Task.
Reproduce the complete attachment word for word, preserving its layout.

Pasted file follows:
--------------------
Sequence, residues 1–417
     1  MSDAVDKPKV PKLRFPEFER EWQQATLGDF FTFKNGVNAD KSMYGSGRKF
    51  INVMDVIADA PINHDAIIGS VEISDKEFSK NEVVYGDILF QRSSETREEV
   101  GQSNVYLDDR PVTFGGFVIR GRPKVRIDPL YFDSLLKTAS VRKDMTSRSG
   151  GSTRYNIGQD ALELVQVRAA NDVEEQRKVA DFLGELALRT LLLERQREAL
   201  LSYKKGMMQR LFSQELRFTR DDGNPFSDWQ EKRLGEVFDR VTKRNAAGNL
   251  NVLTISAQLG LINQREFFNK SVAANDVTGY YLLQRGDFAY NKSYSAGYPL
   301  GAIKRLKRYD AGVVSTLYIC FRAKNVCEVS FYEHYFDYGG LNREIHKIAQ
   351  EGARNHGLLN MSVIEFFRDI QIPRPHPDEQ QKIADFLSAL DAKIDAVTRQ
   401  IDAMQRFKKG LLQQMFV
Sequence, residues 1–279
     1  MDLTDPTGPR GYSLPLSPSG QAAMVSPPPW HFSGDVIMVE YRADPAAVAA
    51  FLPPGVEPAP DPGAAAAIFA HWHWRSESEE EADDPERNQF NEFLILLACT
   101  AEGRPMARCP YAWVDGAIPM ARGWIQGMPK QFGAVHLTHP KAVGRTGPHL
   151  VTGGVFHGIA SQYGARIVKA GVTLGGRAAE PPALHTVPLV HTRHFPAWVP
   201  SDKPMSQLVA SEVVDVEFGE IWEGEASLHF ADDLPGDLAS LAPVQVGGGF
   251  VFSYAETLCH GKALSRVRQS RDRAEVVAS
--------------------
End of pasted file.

Sequence, residues 1–417
     1  MSDAVDKPKV PKLRFPEFER EWQQATLGDF FTFKNGVNAD KSMYGSGRKF
    51  INVMDVIADA PINHDAIIGS VEISDKEFSK NEVVYGDILF QRSSETREEV
   101  GQSNVYLDDR PVTFGGFVIR GRPKVRIDPL YFDSLLKTAS VRKDMTSRSG
   151  GSTRYNIGQD ALELVQVRAA NDVEEQRKVA DFLGELALRT LLLERQREAL
   201  LSYKKGMMQR LFSQELRFTR DDGNPFSDWQ EKRLGEVFDR VTKRNAAGNL
   251  NVLTISAQLG LINQREFFNK SVAANDVTGY YLLQRGDFAY NKSYSAGYPL
   301  GAIKRLKRYD AGVVSTLYIC FRAKNVCEVS FYEHYFDYGG LNREIHKIAQ
   351  EGARNHGLLN MSVIEFFRDI QIPRPHPDEQ QKIADFLSAL DAKIDAVTRQ
   401  IDAMQRFKKG LLQQMFV
Sequence, residues 1–279
     1  MDLTDPTGPR GYSLPLSPSG QAAMVSPPPW HFSGDVIMVE YRADPAAVAA
    51  FLPPGVEPAP DPGAAAAIFA HWHWRSESEE EADDPERNQF NEFLILLACT
   101  AEGRPMARCP YAWVDGAIPM ARGWIQGMPK QFGAVHLTHP KAVGRTGPHL
   151  VTGGVFHGIA SQYGARIVKA GVTLGGRAAE PPALHTVPLV HTRHFPAWVP
   201  SDKPMSQLVA SEVVDVEFGE IWEGEASLHF ADDLPGDLAS LAPVQVGGGF
   251  VFSYAETLCH GKALSRVRQS RDRAEVVAS